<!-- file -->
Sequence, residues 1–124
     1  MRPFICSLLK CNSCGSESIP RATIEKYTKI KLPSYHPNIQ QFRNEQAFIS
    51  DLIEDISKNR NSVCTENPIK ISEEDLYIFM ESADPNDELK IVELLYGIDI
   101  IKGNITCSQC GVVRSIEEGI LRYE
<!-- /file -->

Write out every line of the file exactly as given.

Sequence, residues 1–124
     1  MRPFICSLLK CNSCGSESIP RATIEKYTKI KLPSYHPNIQ QFRNEQAFIS
    51  DLIEDISKNR NSVCTENPIK ISEEDLYIFM ESADPNDELK IVELLYGIDI
   101  IKGNITCSQC GVVRSIEEGI LRYE